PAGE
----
ORLANDO — Standing at a bar last Thursday night, waiting for a drink so I could join two friends on our usual weekly Happy Hour, I got an email alert about some breaking news. I clicked on the alert from The Orlando Sentinel …. and I was absolutely floored when I pulled out my cell phone and checked the email. For a few moments, it seemed impossible for me to believe the breaking news: that at age 63, Doug Guetzloe had died.
I had known Doug for years, dating back to when I was an editor and writer for The Ledger, and I got into the habit of calling Doug whenever the counties that I covered proposed a ballot referendum to raise taxes. Doug was a prominent political conservative and Republican who was very accessible, and always had interesting things to say on the issue of tax hikes, which he strenuously opposed. I struggled with the idea that he was no longer with us.
In 2011, I got to know Doug much better as I became involved with his Phoenix Network, a fledgling radio station that he operated out of the same office complex I worked at. For a while, I even did a show on his network. I continued to stay in contact with Doug, often writing material for the clients that he took on, mainly political candidates here in Central Florida. Throughout it all, Doug remained an insightful character, with a nearly encyclopedic memory of politics both in Florida and nationally.
And in one way in particular, that’s how I think we should all remember Doug Guetzloe. In fact, I recommend that the City of Orlando open a museum in his name.
Doug was perhaps best known for founding the organization Ax the Tax back in the early 1980s, to fight government efforts to raise taxes rather than live within their means. Whatever your views are on taxes, or your partisan leanings, you had to admire what Doug accomplished with this group. As a grassroots organization, they had a remarkable record of success defeating those ballot referendums. Year after year, no matter how many times city or county leaders asked voters to approve a tax hike, for whatever project it was designed to benefit, Doug and his volunteers went out, lobbied against it, and usually won — often by landslide margins. He helped defeat tax hike measures proposed by both Democrats and Republicans, and amply demonstrated the limited appetite the public had for paying more.
In 2016, Doug accepted a request to serve as a consultant to an organization taking aim at the Internal Revenue Service. The group known as the Tax Revolution Institute was pushing for the first ever audit of the federal agency, and working against a proposed change in the law sought by the IRS to redefine electioneering to include all discussion about politicians and how they vote. TRI worried that change would make it harder for political organizations to effectively inform voters on the issues, and knowing about Doug’s work on Ax The Tax, they reached out to him, and he was only too happy to help.
But when I think about Doug, I also reflect on something else: political buttons.
As Doug once noted, political buttons have always been one of the most popular and enduring items in the history of campaigning, dating back to around 1892, when a New Jersey company called Whitehead and Hoag started creating and distributing them.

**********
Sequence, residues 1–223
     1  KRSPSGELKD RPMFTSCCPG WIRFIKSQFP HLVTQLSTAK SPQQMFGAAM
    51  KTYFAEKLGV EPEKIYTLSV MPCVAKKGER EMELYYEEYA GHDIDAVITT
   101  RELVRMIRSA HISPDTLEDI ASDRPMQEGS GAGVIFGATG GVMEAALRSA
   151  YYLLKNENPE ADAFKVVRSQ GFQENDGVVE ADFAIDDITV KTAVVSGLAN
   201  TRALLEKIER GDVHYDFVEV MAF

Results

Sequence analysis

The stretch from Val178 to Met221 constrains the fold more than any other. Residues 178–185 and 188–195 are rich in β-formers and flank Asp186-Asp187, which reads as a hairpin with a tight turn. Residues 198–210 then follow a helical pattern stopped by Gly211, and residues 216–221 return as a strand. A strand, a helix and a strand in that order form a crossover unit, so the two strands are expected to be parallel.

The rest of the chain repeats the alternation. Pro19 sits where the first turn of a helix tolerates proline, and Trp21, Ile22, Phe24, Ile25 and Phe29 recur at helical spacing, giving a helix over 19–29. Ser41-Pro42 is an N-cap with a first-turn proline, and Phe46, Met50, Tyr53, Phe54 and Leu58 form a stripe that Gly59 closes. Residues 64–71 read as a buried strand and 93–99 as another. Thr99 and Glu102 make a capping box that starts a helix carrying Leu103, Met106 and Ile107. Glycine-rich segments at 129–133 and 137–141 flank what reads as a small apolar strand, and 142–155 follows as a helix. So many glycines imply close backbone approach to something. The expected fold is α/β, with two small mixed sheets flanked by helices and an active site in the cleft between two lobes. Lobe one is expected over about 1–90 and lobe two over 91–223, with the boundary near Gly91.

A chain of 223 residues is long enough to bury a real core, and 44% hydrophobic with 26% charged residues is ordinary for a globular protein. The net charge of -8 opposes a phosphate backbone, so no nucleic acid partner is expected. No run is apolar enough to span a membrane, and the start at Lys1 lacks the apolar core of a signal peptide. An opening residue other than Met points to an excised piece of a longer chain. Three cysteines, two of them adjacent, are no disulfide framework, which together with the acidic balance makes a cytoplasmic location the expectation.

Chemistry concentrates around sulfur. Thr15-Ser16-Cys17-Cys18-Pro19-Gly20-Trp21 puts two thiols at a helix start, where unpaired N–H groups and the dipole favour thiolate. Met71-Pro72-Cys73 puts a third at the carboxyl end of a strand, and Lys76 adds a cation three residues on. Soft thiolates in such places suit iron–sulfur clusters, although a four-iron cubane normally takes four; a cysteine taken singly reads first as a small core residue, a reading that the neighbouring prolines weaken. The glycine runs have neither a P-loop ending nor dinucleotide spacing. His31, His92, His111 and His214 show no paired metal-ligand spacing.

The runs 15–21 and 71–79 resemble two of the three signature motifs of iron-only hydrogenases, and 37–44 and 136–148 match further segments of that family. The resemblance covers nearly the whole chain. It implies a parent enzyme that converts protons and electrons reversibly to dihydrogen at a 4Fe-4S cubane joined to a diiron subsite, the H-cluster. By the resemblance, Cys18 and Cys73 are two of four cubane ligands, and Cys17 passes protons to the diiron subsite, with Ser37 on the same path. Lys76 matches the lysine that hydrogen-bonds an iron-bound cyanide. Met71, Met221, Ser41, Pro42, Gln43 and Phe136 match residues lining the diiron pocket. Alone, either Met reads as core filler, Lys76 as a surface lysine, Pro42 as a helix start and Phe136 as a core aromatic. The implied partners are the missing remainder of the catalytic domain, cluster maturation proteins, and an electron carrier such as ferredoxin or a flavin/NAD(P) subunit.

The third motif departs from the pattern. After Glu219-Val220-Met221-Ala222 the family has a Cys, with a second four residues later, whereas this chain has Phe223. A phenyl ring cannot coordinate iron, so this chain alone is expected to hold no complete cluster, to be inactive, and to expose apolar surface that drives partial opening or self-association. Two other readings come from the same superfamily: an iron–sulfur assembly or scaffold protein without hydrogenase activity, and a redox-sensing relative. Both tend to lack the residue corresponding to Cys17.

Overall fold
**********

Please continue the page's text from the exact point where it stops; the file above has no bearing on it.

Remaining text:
I learned this from Doug, who over the years had become such a spectacular collector of all kinds of unique political memorabilia that in the fall of 2016 he loaned some of it to the Orange County Regional History Center for a special exhibit called “Pin For The Win: 180 Years of Political Memorabilia,” which was endlessly fascinating, especially in seeing how campaign items had evolved over the years.
At the time, Pamela Schwartz, the history center’s curator of exhibitions, estimated that the collection amounted to 180 years of memorabilia. There were literally hundreds of items on display, although as Doug noted, it was merely a small percentage of his overall collection.
“I was 13, and I became interested in politics,” Doug noted at the time the exhibit was on display. “I decided to go ahead and collect political buttons.” When he discovered eBay and the ability to locate literally thousands of old campaign items, his collection increased dramatically. He was also frequently found at flea markets and antique stores off the beaten path.
The exhibit was large enough to be divided into three sections: Beloved Political Figures, which had a strong emphasis on President Theodore Roosevelt Jr.; Anything Goes, a look at the random items; and a third section devoted entirely to political buttons.
The exhibit also included an eight-minute video, narrated by Doug, that examined the rest of his vast private collection.
Doug leaves behind this immense collection of remarkable, historic campaign items, and I think it would be a fitting tribute to open a political memorabilia museum in Doug’s name that permanently houses his collection. Doug is surely not the only person out there who enjoys campaigns and history.
And if the exhibit can’t be permanently housed at the History Center at 65 E. Central Boulevard in downtown Orlando, perhaps it’s time for Doug’s longtime supporters to start raising some funds to open a history museum in his honor.
Michael Freeman is an Orlando journalist, playwright and author of the book “Bloody Rabbit”. Contact him at Freelineorlando@gmail.com..